Nobel prize winning economist Milton Friedman (1912-2006) would have reminded Australians that buyers were saving money on cheaper imports while sellers would create new jobs in exporting industries. Commenting on publicity received by the local businesses harmed by floods, he would have called them “visible.” By contrast, consumers are “invisible.” Anonymous and invisible, the millions who benefit typically have no newsworthy evidence.

    The Economic Lesson

    David Ricardo (two hundred years ago) stated the classic defense of free trade when he expressed the principle of comparative advantage. Trade, trade, trade, he said because each nation then can do what it does best (where it has the comparative advantage) and the whole world benefits through greater efficiency.

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    Egg Surprises

    Apr 24 • Businesses, Demand, Supply, and Markets, Thinking Economically • 642 Views

    Egg prices are actually down. Averaging $1.73 a dozen during March, egg prices have fallen by 5% from March a year ago. So, yes, the CPI says the increase for food prices is up 2.7% during the past 12 months (March 2010-March 2011). But not for eggs.

    We could say that egg producers are in a squeeze between higher costs and lower demand. The higher costs come from more expensive corn feed and higher transportation costs. Meanwhile people are eating fewer eggs. This year, consumption is projected to be equal to last year at 247.7 eggs per person. (In 1950 it was 389.)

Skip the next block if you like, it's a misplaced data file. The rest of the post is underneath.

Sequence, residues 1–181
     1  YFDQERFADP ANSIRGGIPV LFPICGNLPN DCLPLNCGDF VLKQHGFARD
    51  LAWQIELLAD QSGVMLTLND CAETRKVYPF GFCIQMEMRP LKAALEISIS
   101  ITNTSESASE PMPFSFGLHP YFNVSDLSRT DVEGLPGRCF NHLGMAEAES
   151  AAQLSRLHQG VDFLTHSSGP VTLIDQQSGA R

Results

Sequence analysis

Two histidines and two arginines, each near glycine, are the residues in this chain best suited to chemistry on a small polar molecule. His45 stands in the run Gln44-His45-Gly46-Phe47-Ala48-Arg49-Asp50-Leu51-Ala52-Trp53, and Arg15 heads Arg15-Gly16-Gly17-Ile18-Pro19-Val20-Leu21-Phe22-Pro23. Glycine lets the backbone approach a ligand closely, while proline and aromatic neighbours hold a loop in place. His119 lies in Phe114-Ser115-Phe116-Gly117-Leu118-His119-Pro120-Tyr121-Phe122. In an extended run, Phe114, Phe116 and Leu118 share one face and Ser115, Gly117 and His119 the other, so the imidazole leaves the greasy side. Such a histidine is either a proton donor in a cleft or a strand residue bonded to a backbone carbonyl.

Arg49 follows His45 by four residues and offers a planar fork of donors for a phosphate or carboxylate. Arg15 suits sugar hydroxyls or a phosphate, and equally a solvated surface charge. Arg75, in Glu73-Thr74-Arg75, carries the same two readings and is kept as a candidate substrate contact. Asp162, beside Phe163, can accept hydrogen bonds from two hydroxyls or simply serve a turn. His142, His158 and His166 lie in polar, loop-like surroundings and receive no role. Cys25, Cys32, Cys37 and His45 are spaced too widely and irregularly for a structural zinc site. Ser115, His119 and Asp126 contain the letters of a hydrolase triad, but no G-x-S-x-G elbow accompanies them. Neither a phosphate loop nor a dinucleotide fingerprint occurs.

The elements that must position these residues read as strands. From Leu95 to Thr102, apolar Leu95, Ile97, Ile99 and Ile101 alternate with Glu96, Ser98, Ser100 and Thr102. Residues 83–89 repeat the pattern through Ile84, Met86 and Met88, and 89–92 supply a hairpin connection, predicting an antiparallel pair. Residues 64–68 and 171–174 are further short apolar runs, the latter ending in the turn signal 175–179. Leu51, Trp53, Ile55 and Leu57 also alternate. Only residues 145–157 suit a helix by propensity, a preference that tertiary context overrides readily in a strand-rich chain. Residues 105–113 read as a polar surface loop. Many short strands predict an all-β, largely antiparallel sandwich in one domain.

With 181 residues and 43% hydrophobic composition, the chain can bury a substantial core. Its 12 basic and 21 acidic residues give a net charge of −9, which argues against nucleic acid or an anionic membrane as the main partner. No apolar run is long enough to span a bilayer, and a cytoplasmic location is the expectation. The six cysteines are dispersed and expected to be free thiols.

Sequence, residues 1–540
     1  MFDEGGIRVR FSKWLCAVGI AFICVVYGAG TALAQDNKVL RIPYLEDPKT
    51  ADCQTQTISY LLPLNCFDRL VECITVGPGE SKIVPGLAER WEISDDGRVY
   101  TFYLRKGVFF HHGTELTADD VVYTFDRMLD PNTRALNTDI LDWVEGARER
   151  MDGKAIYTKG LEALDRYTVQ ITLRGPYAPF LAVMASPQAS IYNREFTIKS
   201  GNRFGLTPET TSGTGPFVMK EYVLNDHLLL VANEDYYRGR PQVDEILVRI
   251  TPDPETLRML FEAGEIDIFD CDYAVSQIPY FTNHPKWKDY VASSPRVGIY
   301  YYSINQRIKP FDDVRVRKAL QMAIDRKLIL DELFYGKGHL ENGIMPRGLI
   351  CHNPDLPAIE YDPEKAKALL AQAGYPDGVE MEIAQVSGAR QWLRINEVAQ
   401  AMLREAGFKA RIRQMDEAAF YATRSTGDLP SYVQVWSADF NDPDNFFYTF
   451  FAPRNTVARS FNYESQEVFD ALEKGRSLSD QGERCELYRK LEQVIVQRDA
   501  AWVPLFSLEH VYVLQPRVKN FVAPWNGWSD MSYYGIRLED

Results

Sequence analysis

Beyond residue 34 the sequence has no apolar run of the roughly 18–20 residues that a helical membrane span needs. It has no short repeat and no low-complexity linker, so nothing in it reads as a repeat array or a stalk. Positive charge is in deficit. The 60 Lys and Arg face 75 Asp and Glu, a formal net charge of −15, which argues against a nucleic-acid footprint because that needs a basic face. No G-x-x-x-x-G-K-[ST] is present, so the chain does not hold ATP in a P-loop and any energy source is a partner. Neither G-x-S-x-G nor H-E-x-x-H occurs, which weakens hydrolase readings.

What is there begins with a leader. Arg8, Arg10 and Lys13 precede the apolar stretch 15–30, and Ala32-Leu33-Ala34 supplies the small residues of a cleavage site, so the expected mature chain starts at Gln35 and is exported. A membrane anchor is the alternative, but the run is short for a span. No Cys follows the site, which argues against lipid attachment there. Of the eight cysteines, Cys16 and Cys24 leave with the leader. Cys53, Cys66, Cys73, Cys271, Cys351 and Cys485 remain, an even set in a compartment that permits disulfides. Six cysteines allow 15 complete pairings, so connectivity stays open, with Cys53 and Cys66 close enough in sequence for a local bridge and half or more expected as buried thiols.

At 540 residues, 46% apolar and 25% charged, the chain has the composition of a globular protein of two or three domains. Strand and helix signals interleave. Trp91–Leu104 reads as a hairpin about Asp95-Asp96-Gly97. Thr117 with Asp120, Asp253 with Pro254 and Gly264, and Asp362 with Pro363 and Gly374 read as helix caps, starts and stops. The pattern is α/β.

Usually, egg demand increases during Easter. But even that is predicted to be less than usual. Did you know that Thanksgiving and Christmas are the biggest holidays for eggs? Easter is #3.

    The Economic Lesson

    The egg industry is composed of many small producers. And therein lies the problem from the supply side. We have a competitive environment where producers are price takers.

    Imagine a line representing different competitive market structures. The far left side of the line is labeled perfect competition while the far right side is monopoly. Very similar products such as eggs and unpackaged lettuce tend to be sold in markets that are on the left side of the scale. Their producers have little power over price because their goods look just like someone else’s.

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    Green Elasticity

    Apr 23 • Behavioral Economics, Businesses, Demand, Supply, and Markets, Environment, Government, Households, Thinking Economically • 986 Views

    Sales of Nature’s Source Scrubbing Bubbles tub have plunged by 61%. At Stop & Shop, “Eco-friendly” people are switching from Clorox Green Works All-Purpose Cleaner to traditional Fantastic. Why? Because Fantastic is 40 cents cheaper. According to the NY Times, “…if it’s one or two pennies in price higher, they’re not going to buy it.” Only green brands with a more affluent customer are not experiencing a similar decline.

    Food columnist Mark Bittman has a suggestion. Focusing on food, he says the US government should subsidize organic, small farmers who sell directly to customers. The result? “Green” products will be cheaper. Should we take this a step further and propose green subsidies for household cleaners. And maybe, still, a step beyond that and raise the tax on gasoline so that we conserve energy?

    Your opinion?

    The Economic Lesson

    With incomes falling during the recent recession, the green response has been elastic. Called the income elasticity of demand, we tend to buy less of certain products when our purchasing power decreases and more when it rises. For other products, our quantity demanded is inelastic because, as with medication, quantity demanded changes less. 

    With gasoline and price subsidies, an economist would take us to the price elasticity of demand. Here, the principle is the same as with income but instead, the price is the key variable affecting how much we buy. When price changes have a large impact on the quantity we demand, then our demand is elastic. If our response to price change is minimal, then our quantity demanded is inelastic.

    Should government policy use our demand elasticity to influence our buying decisions?